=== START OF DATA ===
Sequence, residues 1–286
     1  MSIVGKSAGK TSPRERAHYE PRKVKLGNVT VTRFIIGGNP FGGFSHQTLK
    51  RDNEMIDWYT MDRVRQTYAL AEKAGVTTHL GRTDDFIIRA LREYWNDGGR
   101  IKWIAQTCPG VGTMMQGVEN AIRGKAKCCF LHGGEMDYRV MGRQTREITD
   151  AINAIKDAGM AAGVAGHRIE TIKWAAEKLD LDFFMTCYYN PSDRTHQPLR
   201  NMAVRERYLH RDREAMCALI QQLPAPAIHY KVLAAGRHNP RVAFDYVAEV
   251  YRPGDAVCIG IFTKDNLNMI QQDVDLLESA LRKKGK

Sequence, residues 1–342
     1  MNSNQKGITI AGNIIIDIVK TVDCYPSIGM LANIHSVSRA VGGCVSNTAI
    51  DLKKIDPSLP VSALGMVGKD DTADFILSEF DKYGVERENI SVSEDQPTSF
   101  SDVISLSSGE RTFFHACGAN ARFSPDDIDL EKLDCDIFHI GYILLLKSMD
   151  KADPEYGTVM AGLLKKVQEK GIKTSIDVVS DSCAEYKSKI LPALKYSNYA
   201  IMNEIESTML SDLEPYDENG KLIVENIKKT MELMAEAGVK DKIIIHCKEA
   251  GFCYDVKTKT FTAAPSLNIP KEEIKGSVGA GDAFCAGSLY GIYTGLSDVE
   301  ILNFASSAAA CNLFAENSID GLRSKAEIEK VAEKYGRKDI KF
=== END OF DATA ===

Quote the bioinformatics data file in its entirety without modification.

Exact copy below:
Sequence, residues 1–286
     1  MSIVGKSAGK TSPRERAHYE PRKVKLGNVT VTRFIIGGNP FGGFSHQTLK
    51  RDNEMIDWYT MDRVRQTYAL AEKAGVTTHL GRTDDFIIRA LREYWNDGGR
   101  IKWIAQTCPG VGTMMQGVEN AIRGKAKCCF LHGGEMDYRV MGRQTREITD
   151  AINAIKDAGM AAGVAGHRIE TIKWAAEKLD LDFFMTCYYN PSDRTHQPLR
   201  NMAVRERYLH RDREAMCALI QQLPAPAIHY KVLAAGRHNP RVAFDYVAEV
   251  YRPGDAVCIG IFTKDNLNMI QQDVDLLESA LRKKGK

Sequence, residues 1–342
     1  MNSNQKGITI AGNIIIDIVK TVDCYPSIGM LANIHSVSRA VGGCVSNTAI
    51  DLKKIDPSLP VSALGMVGKD DTADFILSEF DKYGVERENI SVSEDQPTSF
   101  SDVISLSSGE RTFFHACGAN ARFSPDDIDL EKLDCDIFHI GYILLLKSMD
   151  KADPEYGTVM AGLLKKVQEK GIKTSIDVVS DSCAEYKSKI LPALKYSNYA
   201  IMNEIESTML SDLEPYDENG KLIVENIKKT MELMAEAGVK DKIIIHCKEA
   251  GFCYDVKTKT FTAAPSLNIP KEEIKGSVGA GDAFCAGSLY GIYTGLSDVE
   301  ILNFASSAAA CNLFAENSID GLRSKAEIEK VAEKYGRKDI KF